Founded in 1974, and updated with a new building in 2012, the Black Archives of Mid-America showcases public materials that document the social, economic, political and cultural histories of African Americans in the central United States, in particular Kansas City.
In addition to being open for public browsing, the archives support researchers who need access to the facilities for various projects and also provide educational programming to interested parties - all in collaboration for more public awareness of the space and the people whose lives are documented within its walls.
See what it's like to work at the Black Archives in the video below!
Unlike many archives and museums that focus on prominent people and events, the Black Archives of Mid-America shines a spotlight on everyday people, businesses, and institutions in Kansas City. Here you can get a glimpse into the daily lives of African Americans throughout Kansas City's history. Locals also have the opportunity to delve deeper into their own personal histories, whether that's through older family and friends, or just getting to know a bit more about the place they call home.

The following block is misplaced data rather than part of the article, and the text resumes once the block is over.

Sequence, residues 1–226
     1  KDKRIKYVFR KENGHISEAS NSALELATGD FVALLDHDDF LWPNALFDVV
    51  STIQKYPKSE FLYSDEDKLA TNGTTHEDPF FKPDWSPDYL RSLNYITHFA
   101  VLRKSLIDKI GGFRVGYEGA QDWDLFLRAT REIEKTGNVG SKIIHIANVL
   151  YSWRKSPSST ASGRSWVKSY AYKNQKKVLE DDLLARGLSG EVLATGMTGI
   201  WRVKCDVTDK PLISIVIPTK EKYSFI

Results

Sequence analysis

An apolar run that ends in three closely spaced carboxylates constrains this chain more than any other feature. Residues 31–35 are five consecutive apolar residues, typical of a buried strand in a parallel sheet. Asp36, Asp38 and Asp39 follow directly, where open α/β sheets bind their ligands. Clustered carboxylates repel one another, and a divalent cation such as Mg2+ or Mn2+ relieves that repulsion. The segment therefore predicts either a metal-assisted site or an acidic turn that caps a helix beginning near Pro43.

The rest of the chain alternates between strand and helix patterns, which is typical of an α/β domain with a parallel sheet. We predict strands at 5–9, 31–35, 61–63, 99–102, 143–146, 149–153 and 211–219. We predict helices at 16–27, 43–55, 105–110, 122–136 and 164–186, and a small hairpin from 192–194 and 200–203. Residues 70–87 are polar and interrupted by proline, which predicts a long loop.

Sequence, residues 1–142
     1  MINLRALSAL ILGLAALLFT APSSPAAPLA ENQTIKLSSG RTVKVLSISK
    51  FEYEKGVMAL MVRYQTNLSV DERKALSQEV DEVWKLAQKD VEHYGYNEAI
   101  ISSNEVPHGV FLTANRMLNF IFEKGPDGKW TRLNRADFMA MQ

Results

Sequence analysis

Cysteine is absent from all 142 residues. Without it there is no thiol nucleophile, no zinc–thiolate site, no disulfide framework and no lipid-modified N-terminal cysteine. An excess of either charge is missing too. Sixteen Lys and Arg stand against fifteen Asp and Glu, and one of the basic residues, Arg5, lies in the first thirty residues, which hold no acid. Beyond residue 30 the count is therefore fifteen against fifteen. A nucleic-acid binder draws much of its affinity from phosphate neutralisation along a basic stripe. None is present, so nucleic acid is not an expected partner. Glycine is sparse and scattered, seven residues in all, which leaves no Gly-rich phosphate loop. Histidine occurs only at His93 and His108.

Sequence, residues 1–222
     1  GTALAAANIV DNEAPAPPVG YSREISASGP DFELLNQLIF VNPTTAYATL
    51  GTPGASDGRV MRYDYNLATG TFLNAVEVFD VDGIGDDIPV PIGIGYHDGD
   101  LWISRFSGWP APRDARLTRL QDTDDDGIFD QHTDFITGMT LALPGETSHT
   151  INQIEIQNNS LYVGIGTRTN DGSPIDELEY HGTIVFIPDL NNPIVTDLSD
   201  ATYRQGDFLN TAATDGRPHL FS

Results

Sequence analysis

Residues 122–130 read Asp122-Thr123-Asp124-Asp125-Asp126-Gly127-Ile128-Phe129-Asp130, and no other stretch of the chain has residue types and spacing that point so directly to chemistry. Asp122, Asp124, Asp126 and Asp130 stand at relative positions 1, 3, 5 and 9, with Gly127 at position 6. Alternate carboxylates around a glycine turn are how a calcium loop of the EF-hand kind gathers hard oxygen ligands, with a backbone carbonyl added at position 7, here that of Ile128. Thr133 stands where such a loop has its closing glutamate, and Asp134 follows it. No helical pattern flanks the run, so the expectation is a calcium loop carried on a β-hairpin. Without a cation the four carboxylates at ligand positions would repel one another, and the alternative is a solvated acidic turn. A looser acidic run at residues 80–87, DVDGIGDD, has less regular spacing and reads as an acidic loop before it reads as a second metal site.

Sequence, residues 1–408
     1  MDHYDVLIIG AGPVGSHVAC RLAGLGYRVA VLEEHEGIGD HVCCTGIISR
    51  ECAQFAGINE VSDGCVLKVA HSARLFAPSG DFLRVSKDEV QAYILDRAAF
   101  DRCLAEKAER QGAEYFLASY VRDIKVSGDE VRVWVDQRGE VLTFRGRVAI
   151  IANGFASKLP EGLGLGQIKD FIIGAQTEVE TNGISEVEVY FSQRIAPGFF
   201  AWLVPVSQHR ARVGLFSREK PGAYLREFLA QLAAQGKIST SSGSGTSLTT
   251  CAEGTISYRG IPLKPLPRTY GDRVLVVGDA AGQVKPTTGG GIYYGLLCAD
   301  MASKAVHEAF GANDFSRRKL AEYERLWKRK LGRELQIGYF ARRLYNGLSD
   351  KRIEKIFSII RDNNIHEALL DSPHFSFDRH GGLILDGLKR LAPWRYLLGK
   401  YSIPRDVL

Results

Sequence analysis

This video explains more about what the archives have to offer.
Hours are somewhat limited during the week, so it's recommended to contact the archives ahead of time, especially if you're with a group of people. In addition to the public collection, there are many things to do or see here! The permanent exhibition at the archives, "With My Eyes No Longer Blind," tells the story of African-Americans in Kansas City from the early 1800s to the post-civil rights era. There are also monthly workshops focusing on well-being, and free public courses offered by licensed judges and attorneys. For an interesting and informational experience, a visit to the Black Archives of Mid-America is a must-do.
Cover image is property of the Black Archives of Mid-America and is in the public domain.